Scientists discovered something super surprising about earthquakes and it totally changes how we think about them
Natural disasters are constantly being examined for data in order to prevent casualties in the future. Earthquakes are some of the scariest in that category because they seemingly come out of nowhere. If you live in the Los Angeles area, not only are you very aware of earthquakes — but you’ve also been warned about “the big one” for quite some time.
Well, it looks like scientists have discovered something that isn’t going to put you into a state of relaxation anytime soon.
It seems as though science is showing us that we know nothing about earthquakes, after all.
We used to think that they occurred only as deep as 12 to 15 miles into the earth.
Now we know that earthquakes can occur much deeper underground and can actually cause bigger damage than before.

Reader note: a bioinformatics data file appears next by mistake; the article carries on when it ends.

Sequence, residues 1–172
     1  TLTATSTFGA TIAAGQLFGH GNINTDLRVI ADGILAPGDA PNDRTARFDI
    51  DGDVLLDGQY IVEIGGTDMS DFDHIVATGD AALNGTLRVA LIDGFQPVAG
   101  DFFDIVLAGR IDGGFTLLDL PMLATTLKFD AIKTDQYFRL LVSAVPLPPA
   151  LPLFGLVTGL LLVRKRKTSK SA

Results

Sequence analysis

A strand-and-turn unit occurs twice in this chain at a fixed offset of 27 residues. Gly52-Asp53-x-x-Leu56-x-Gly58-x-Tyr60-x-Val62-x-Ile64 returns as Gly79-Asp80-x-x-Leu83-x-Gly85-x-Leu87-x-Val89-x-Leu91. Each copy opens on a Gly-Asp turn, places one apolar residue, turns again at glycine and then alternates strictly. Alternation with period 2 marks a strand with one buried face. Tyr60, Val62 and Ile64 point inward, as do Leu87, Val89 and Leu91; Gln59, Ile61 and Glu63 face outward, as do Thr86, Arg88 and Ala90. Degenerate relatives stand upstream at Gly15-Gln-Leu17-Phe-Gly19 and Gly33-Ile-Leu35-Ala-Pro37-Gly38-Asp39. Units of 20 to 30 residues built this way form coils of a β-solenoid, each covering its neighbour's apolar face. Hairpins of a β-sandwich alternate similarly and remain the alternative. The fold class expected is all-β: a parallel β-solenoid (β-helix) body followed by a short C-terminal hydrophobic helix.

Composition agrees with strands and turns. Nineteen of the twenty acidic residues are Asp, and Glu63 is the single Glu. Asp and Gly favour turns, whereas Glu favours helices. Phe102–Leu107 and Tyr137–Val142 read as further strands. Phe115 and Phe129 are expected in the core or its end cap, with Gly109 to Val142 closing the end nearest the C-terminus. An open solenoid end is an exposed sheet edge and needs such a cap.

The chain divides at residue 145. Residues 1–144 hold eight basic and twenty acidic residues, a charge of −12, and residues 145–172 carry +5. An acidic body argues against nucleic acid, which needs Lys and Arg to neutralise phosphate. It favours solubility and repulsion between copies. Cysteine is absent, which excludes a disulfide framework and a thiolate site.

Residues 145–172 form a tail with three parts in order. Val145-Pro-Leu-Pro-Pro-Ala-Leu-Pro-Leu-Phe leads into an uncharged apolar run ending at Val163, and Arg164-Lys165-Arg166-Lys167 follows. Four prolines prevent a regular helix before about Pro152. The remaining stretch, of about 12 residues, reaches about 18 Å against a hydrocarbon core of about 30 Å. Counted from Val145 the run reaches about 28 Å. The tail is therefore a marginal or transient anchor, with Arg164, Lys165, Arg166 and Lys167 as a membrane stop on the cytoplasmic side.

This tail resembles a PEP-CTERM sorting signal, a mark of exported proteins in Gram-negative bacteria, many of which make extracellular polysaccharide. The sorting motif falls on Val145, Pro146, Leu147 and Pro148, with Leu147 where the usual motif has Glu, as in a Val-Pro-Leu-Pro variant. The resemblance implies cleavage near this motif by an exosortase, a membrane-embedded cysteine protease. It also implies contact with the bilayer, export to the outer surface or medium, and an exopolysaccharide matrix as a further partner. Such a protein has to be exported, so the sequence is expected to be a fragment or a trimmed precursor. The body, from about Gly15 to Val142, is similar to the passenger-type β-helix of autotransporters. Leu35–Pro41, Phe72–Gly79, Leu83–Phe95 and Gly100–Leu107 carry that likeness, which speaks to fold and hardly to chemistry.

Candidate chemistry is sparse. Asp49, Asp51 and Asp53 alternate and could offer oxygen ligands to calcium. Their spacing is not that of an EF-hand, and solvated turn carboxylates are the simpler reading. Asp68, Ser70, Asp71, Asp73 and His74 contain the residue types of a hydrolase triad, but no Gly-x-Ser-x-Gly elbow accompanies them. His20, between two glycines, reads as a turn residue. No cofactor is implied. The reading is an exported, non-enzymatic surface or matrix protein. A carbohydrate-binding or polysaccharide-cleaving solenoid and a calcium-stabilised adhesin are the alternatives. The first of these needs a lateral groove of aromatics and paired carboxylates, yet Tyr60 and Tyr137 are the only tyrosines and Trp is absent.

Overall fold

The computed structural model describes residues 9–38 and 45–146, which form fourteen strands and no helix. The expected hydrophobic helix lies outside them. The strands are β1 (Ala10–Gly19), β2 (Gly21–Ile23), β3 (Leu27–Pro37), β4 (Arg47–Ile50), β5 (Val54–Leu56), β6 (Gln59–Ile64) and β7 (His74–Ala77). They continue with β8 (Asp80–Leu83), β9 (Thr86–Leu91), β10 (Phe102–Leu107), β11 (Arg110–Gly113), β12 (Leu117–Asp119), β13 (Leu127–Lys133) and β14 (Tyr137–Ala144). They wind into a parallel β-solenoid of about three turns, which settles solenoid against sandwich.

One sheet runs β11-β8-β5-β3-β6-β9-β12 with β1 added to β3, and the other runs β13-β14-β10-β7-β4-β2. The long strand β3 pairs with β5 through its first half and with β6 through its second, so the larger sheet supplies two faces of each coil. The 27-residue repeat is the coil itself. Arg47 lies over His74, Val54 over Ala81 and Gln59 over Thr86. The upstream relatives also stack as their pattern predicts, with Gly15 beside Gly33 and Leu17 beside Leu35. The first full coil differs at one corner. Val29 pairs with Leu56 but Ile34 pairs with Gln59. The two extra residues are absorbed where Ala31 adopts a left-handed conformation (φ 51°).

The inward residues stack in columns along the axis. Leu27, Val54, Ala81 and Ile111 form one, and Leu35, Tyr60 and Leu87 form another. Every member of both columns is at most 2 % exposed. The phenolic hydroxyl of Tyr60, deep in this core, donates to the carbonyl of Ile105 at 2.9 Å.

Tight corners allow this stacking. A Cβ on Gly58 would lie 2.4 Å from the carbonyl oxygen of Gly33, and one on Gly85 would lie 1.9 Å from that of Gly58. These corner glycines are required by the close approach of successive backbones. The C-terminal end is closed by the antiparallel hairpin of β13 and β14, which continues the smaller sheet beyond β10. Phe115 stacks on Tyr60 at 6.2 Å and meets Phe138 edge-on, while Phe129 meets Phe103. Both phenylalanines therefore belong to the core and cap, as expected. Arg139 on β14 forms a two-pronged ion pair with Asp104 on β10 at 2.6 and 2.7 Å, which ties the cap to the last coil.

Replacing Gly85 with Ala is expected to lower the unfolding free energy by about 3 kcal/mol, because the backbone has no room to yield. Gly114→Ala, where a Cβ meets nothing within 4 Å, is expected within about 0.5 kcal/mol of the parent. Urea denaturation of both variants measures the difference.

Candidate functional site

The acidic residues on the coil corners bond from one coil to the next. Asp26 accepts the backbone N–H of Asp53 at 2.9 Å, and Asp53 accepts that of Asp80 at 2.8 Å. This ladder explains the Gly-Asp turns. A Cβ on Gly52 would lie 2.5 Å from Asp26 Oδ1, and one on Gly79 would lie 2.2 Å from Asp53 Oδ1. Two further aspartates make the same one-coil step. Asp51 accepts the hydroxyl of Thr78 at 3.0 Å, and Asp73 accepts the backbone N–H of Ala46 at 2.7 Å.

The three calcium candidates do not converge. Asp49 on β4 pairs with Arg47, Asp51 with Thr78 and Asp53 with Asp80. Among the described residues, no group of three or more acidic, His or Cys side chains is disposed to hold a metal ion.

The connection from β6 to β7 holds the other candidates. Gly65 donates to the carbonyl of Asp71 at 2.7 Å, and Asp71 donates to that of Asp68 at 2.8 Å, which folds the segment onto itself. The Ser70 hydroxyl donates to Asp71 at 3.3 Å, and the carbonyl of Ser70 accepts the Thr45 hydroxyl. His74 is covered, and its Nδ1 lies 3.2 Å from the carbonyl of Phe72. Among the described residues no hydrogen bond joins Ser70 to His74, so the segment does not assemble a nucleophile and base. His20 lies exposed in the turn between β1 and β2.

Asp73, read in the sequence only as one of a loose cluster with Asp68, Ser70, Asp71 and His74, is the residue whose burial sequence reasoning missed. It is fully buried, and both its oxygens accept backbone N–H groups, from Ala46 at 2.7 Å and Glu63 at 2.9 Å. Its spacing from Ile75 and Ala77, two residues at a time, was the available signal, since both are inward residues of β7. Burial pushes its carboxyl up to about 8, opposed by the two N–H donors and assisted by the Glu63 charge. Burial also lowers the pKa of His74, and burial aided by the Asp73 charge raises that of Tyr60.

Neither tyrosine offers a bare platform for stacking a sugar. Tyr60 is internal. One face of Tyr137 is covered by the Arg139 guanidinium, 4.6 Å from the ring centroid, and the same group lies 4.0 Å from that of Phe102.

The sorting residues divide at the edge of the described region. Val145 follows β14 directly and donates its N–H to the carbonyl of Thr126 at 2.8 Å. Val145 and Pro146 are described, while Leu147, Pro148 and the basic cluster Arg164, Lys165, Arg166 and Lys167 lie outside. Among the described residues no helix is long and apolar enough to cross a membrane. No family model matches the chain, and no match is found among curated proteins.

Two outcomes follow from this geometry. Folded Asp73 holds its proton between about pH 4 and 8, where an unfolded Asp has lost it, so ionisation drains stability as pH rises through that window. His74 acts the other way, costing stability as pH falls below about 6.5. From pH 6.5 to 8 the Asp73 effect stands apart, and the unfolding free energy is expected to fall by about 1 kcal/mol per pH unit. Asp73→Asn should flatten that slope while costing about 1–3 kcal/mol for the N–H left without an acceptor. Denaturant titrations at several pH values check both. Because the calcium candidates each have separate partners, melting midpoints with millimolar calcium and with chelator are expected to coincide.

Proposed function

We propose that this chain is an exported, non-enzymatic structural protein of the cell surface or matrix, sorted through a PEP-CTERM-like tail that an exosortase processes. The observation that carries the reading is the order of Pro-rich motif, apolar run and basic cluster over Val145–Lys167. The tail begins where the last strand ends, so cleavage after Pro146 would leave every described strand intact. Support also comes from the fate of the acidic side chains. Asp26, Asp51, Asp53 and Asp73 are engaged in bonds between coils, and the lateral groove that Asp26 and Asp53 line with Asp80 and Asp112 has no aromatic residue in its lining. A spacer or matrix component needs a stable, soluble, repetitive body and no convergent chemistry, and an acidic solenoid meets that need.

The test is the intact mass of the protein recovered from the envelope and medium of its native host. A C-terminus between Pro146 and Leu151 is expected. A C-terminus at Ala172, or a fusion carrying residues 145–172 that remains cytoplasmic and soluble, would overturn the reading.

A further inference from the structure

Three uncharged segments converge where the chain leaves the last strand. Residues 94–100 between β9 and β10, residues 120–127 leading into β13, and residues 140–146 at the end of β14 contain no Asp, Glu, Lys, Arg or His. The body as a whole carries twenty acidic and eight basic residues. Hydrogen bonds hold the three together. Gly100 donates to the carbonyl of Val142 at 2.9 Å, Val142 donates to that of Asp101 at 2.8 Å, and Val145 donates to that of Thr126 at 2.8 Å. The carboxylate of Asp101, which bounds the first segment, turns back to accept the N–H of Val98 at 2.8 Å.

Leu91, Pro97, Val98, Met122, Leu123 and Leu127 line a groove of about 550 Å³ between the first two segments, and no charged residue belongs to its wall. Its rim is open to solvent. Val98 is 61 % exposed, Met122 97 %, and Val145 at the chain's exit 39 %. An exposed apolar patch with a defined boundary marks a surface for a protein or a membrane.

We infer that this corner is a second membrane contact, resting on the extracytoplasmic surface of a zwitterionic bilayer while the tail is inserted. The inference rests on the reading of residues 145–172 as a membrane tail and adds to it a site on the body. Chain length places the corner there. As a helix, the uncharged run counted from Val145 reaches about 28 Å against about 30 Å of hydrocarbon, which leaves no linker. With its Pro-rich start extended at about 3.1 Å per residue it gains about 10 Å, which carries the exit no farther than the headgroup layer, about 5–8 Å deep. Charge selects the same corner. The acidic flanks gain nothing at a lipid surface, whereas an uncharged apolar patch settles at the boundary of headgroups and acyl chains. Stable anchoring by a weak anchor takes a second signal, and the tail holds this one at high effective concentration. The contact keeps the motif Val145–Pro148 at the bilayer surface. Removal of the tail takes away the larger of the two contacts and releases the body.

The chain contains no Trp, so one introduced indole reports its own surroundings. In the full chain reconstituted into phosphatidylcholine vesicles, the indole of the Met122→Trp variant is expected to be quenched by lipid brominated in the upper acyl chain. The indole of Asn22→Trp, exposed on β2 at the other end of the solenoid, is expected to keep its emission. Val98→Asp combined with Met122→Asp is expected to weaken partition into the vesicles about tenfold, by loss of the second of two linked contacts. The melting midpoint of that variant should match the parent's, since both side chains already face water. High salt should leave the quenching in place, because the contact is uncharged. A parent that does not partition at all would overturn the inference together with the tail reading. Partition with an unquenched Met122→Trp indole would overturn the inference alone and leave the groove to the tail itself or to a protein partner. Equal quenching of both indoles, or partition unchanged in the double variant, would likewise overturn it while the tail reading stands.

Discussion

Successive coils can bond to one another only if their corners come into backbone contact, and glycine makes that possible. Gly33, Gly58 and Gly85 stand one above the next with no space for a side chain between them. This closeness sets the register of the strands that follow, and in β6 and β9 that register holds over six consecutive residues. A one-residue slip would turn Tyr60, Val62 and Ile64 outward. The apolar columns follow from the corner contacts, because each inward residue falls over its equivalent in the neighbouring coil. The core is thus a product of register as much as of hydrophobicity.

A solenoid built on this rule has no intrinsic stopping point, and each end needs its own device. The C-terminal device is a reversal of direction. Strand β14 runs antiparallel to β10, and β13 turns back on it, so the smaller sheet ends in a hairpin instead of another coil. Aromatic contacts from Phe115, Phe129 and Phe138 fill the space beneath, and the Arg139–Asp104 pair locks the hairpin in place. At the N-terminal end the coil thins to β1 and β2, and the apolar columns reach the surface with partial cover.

Unfortunately, it’s true. According to the LA Times, Caltech’s seismology professor Jean Paul Ampuero has been looking into earthquakes more carefully ever since the infamous 2012 8.6 magnitude earthquake that struck the Indian Ocean since the damage it caused could not be explained by information they had.
Ampuero dug further and discovered that earthquakes can occur in the upper mantle area of the earth — an area where the rock is hot and moves like honey.
You might be thinking that this is all very whatever…
…but you should take the findings very seriously, especially if you live in Southern California — specifically Los Angeles. While the movie San Andreas might have been a little over-the-top, a powerful earthquake could really hurt a lot of people in that area. Hopefully scientists can figure out a way to predict natural disasters faster now that they have this information so more people can be prepared.